Loot | Sydney Theatre CompanyLeft – Josh McConville, Caroline Craig and Robin Goldsworthy. Cover – Darren Gilshenan. Photos – Heidrun Löhr

Loot
is a classic farce, burnished warmly by history’s hand. But this production doesn’t spark in the way it might and the reasons are unclear. The actors are fabulous – any cast with Caroline Craig and William Zappa has a certain magnificence – director Richard Cottrell has pedigree of the Goons calibre, the costume and set design is lush.

The problem seems to lie in timing. The fact is, this script feels stale or at least so toweringly overshadowed by recent events in London (you reckon the ‘60’s was swinging, you should see the 2011 riots, Joe) as to be rendered almost pastoral. Even the middle aged audience, who hummed along to the foyer music, The Beatles mostly, were largely unaffected.

Orton’s “scandalous” events of 1966 are by comparison to the recent mayhem wholly anaemic and only minutely compelling. There is nothing in this production that emotionally draws the audience in, but ironically this is by design.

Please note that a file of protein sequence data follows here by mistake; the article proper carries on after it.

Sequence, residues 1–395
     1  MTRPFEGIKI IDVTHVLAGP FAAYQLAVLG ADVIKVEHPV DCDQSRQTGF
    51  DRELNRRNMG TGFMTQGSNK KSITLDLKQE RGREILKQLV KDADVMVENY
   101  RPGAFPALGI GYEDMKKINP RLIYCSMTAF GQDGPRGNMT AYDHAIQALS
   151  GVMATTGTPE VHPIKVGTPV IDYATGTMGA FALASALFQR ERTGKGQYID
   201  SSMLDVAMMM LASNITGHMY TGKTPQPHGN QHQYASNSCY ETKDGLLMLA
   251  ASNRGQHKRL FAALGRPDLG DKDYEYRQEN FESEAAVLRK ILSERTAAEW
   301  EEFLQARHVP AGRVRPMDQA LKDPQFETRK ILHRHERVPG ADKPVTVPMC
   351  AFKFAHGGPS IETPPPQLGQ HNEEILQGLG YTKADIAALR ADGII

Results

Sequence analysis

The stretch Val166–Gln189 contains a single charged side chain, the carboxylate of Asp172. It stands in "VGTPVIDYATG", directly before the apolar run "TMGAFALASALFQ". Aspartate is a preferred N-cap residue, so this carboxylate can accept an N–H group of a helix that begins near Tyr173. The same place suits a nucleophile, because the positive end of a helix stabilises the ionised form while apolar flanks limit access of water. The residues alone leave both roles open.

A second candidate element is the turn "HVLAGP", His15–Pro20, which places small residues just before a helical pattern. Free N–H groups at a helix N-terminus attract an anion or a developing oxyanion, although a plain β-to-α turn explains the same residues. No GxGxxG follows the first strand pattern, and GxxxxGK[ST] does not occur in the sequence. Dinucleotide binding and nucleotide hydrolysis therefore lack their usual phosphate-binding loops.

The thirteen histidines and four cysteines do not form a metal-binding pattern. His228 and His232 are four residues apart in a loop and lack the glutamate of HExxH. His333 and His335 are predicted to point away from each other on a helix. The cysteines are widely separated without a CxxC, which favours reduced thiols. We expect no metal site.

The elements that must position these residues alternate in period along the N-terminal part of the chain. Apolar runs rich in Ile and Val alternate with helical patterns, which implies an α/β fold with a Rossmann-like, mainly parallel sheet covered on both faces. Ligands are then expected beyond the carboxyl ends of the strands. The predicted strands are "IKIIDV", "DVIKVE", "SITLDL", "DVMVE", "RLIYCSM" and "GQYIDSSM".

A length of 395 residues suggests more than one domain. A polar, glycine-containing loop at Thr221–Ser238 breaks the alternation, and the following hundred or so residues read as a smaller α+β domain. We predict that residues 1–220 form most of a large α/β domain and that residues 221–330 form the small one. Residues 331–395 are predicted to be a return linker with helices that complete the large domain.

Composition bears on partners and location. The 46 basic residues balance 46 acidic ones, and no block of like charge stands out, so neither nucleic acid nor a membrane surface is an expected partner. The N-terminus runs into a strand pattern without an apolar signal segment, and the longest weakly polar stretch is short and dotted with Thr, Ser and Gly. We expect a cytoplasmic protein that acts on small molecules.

None of Orton’s characters are likeable; a deliberate ploy on his part to illustrate the ‘shocking’ new paradigm of corruption, religious and sexual hypocrisy. But more might have been made of the very camp elements buried in the script. It seems the production was born and birthed without any sense of contemporary context. A couple more references to modern sensibilities would have lifted the irony to something more universal.

As it stands, it’s like watching The Mousetrap or re-runs of Some Mother’s Do ‘Ave ‘Em; cosy but disappointingly not at all provocative, failing to re-capture the cheeky anarchism that it unleashed during it’s original run.


Sydney Theatre Company presents
Loot
by Joe Orton

Director Richard Cottrell

Venue: Drama Theatre Sydney Opera House
Dates: 12 Sept – 23 Oct, 2011
Tickets: $35 – $90
Bookings: www.sydneytheatre.com.au


Most read Sydney reviews

Drop cloth back drop and living statues in flesh linseed linen loincloth set the scene for Wendy...


It is a skewed symbiosis that unravels before the audience as the interaction between such...


David Ireland’s Ulster American hammers us with humour, hubris and hypocrisy.


Le Petit Prince or The Little Prince is a most beloved tale by the French pilot, writer and...


Wilfred Gordon McDonald Partridge is a story by the magnificent Mem Fox, the story of Wilfred, a...